Out of all the ASIFA events, this one was by far the most entertaining and informative one that I have attended. Ms. Kenyon will return May 6th for the 2007 ASIFA-East Animated Film Festival. When you see her, say hello and enjoy the films and food.
Just don't mention monkeys.
Tuesday, February 06, 2007
It has the whole Joseph Campbell spiel going for it-
young protagonist must leave home and go on a fantastic journey, meets colorful and goofy sidekicks, defeats the bad guy, and returns to the real world, thus saving his home from the clutches of a greedy old guy.
But there is one huge problem. Unfortunately, the movie is boring. And not just boring.
Painfully slow. The problem stems not from the cast, an odd conglomeration featuring the talents of Madonna, Jimmy Fallon, Robert De Niro and David Bowie (yes, he of the tight pants and glam 80s hair fame of Labyrinth) but from the condescending way it narrates the heart and soul out of the tale.
The story begins with 10-year-old Arthur (Freddie Highmore ) who is living with his Grandma (Mia Farrow) in a quaint old house in the Conneticut countryside during the summer of 1960. We learn from the much over-used narration that Arthur's Grandfather, a colorful explorer who once lived in Africa, disappeared without a trace three years ago. Arthur's absentee parents (are there any other kinds in these types of films?) are in the city, desperately trying to earn a living, but miracously have found a way to send their son to boarding school in England for the summer. Insert logic here for that one.
The trouble begins when a greedy developer arrives, threatening to kick Arthur and Grandma out of the house for failing to pay their bills. Unless Grandfather arrives by noon on Sunday to sign the paperwork, the family will lose their home.
Arthur, being the adventurous child that all children must be in kiddie fantasy movies, sets off to find a treasure hidden in the backyard by his Grandfather before his disappearance. Using clues left behind by the old man and a mystic ritual performed by Africans who literally appear out of nowhere, the plucky kid finds himself shrunk to diminutive stature and joins a group of elvish-like creatures called the Minimoys. But the Minimoys have problems of their own. The Evil M (Mr. Bowie himself) threatens to take over the three kingdoms and the princess needs help retrieving a magic sword out of a rock, etc. etc.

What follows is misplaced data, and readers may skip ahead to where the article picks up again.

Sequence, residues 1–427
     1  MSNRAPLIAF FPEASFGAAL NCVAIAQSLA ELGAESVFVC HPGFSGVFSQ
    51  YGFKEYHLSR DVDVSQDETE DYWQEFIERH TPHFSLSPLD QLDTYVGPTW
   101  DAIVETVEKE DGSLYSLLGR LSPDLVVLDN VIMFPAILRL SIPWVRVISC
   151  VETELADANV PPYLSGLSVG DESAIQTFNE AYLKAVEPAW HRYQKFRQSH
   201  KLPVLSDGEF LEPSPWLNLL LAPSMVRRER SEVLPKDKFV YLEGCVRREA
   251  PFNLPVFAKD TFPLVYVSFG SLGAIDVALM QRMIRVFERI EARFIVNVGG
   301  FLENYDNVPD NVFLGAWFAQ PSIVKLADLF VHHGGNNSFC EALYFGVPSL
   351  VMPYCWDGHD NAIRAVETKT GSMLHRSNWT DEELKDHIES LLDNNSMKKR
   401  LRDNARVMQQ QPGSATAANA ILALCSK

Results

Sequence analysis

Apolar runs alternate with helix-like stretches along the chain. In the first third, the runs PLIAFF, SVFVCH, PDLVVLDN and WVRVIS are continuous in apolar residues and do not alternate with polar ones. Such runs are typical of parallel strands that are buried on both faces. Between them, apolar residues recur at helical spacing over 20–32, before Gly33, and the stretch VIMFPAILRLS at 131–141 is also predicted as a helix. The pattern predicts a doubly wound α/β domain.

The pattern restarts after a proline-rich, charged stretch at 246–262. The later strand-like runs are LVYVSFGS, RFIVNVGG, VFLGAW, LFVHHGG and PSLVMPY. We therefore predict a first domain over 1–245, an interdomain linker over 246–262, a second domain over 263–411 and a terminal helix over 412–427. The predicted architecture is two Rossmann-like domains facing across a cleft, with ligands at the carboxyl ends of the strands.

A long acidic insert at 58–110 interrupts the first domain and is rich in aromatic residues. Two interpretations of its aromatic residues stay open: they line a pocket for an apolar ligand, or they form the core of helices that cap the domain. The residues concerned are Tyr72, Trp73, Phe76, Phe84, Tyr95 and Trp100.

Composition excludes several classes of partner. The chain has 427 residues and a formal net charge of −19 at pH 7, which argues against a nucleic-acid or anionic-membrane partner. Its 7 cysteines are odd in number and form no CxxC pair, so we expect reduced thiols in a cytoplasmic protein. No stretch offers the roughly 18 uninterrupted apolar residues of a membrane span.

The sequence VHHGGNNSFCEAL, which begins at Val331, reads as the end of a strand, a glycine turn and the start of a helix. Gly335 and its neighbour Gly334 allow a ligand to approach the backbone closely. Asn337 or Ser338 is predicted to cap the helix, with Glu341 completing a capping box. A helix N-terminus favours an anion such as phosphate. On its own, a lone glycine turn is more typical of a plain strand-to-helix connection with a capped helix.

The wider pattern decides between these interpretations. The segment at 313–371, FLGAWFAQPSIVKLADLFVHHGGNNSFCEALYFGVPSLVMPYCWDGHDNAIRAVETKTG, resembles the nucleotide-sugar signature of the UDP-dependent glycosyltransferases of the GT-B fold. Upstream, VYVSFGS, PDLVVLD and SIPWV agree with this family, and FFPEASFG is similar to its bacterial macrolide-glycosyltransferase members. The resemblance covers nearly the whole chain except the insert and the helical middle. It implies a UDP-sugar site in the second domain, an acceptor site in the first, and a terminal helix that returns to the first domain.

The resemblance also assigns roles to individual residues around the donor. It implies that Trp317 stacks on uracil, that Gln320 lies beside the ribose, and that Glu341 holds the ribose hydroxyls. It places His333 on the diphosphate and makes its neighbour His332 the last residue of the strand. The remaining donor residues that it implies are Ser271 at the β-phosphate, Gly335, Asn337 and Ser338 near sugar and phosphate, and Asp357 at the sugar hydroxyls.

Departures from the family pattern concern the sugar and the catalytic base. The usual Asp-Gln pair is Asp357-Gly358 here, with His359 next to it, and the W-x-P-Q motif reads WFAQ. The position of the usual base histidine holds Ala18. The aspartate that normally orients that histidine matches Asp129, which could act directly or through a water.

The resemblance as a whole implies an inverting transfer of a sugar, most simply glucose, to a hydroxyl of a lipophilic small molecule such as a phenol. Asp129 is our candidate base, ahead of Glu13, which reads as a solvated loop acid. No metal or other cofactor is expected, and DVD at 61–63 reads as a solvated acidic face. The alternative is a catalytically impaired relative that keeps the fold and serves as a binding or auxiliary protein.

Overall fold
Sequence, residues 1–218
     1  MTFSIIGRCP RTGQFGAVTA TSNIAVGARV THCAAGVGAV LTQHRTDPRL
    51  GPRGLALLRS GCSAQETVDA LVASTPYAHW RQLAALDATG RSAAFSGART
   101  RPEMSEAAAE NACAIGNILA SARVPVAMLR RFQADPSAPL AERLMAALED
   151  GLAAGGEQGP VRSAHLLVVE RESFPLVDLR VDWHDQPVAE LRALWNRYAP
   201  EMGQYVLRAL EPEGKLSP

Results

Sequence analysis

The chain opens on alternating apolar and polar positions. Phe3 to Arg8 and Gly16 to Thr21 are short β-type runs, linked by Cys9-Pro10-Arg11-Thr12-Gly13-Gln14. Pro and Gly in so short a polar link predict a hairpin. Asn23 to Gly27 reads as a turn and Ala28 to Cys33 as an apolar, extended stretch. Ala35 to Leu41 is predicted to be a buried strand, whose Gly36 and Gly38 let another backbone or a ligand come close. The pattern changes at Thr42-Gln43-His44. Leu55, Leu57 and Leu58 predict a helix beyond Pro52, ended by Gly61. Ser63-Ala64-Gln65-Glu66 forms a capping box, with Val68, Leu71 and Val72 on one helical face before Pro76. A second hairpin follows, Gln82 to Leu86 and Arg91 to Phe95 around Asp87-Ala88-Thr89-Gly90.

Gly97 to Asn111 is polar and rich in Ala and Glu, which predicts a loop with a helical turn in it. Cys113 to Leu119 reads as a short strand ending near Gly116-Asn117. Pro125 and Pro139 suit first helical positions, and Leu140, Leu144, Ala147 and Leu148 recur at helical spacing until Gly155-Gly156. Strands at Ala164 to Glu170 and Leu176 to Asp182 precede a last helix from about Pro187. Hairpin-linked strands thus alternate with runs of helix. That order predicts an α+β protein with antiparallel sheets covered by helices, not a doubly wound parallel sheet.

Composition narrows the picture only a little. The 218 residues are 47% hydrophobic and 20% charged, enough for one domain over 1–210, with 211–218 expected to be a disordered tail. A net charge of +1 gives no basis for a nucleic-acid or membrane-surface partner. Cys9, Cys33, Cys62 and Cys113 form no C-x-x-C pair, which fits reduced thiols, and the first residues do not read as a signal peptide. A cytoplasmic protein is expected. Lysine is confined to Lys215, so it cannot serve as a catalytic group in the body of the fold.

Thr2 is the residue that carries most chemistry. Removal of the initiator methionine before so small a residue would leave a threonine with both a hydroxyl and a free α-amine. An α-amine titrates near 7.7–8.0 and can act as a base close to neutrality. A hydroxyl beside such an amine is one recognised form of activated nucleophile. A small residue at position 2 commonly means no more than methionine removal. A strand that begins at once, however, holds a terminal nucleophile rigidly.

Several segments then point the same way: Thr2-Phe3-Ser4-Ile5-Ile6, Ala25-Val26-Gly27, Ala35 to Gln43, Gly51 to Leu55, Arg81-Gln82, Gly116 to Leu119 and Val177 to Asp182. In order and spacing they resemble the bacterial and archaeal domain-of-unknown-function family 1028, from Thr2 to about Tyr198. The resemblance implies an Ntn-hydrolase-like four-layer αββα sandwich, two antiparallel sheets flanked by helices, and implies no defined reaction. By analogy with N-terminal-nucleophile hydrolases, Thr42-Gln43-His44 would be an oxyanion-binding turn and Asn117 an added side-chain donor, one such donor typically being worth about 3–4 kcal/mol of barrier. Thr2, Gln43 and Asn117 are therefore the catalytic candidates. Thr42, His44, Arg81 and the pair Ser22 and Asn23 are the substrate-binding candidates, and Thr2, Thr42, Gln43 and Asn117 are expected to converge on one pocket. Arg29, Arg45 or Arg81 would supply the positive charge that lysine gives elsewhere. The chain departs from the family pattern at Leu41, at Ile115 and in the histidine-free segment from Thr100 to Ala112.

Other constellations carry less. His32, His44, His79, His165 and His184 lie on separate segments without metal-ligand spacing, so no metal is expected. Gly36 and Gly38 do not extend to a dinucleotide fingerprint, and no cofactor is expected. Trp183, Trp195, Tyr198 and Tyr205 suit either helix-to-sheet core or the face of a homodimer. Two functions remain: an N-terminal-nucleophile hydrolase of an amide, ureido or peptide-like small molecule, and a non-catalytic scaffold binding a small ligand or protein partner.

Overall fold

There is literally nothing in this story that we have not seen before, or seen better, in other movies. The animation is spectacular but like ALL recent CGI movies, save for Pixar films and Shrek, this one fails because it assumes that small children must be pandered too and cannot understand story structure unless it is rammed down their throats.
Elements are thrown in for comic relief (a scene in a local bar where Snoop Dogg in Minimoy form jams at the turntables is midly amusing) but overall I looked around to see the primary audience falling asleep in their chairs. Even Bowie, who reprises his type-cast role as Overdressed Weird Guy sitting in a large chair - albeit one made of rubies - can't save this snooze fest.
It's a noble attempt by director Luc Besson. But while The Fifth Element, an equally kooky film, managed to connect everything together at the end with at least a mild semblance of humor, emotion, and common sense, this poor film simple falls flat.
A for effort, D for execution.
Sunday, January 28, 2007
Held at Roseland Ballroom, the event featured special guest and 2 time Oscar Award nominee Bill Plympton. Bill gave a sneak peak pencil test of his latest feature, "Idiots and Angels" which will debut in 2008.
Following a round of trivia and a brief documentary chronicling the creation of the Animation Show (which prior to Mike Judge's involvement, featured cartoons solely created by Bill and his partner in crime Don Hertzfeldt) the show began with a hilarious opening remarks segment by that genius of witt Butt-Head, of "Beavis & Butt-Head" fame, followed by several excellent shorts. On the lineup this year: